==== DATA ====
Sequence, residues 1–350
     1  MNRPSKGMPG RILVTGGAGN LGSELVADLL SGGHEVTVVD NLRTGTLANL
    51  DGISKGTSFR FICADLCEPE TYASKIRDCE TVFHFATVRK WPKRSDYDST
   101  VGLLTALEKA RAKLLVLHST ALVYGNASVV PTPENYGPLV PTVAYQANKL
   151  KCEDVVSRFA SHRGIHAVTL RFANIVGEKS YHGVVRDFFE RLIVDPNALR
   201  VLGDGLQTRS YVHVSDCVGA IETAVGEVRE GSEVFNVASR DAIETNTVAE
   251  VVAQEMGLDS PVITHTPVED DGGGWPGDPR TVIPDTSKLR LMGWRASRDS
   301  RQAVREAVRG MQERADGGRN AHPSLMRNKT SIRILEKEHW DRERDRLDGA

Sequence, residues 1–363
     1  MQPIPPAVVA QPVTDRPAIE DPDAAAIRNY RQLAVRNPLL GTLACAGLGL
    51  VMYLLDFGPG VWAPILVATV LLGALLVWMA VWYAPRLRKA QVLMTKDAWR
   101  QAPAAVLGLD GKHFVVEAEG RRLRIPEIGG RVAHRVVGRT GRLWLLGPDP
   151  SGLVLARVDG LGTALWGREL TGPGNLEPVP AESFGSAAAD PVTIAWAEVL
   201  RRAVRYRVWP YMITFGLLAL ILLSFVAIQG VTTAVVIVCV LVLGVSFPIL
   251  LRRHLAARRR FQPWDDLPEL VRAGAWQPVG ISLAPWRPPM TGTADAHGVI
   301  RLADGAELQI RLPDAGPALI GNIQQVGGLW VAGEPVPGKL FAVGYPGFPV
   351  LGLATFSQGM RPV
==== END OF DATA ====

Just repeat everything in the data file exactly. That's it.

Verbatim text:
Sequence, residues 1–350
     1  MNRPSKGMPG RILVTGGAGN LGSELVADLL SGGHEVTVVD NLRTGTLANL
    51  DGISKGTSFR FICADLCEPE TYASKIRDCE TVFHFATVRK WPKRSDYDST
   101  VGLLTALEKA RAKLLVLHST ALVYGNASVV PTPENYGPLV PTVAYQANKL
   151  KCEDVVSRFA SHRGIHAVTL RFANIVGEKS YHGVVRDFFE RLIVDPNALR
   201  VLGDGLQTRS YVHVSDCVGA IETAVGEVRE GSEVFNVASR DAIETNTVAE
   251  VVAQEMGLDS PVITHTPVED DGGGWPGDPR TVIPDTSKLR LMGWRASRDS
   301  RQAVREAVRG MQERADGGRN AHPSLMRNKT SIRILEKEHW DRERDRLDGA

Sequence, residues 1–363
     1  MQPIPPAVVA QPVTDRPAIE DPDAAAIRNY RQLAVRNPLL GTLACAGLGL
    51  VMYLLDFGPG VWAPILVATV LLGALLVWMA VWYAPRLRKA QVLMTKDAWR
   101  QAPAAVLGLD GKHFVVEAEG RRLRIPEIGG RVAHRVVGRT GRLWLLGPDP
   151  SGLVLARVDG LGTALWGREL TGPGNLEPVP AESFGSAAAD PVTIAWAEVL
   201  RRAVRYRVWP YMITFGLLAL ILLSFVAIQG VTTAVVIVCV LVLGVSFPIL
   251  LRRHLAARRR FQPWDDLPEL VRAGAWQPVG ISLAPWRPPM TGTADAHGVI
   301  RLADGAELQI RLPDAGPALI GNIQQVGGLW VAGEPVPGKL FAVGYPGFPV
   351  LGLATFSQGM RPV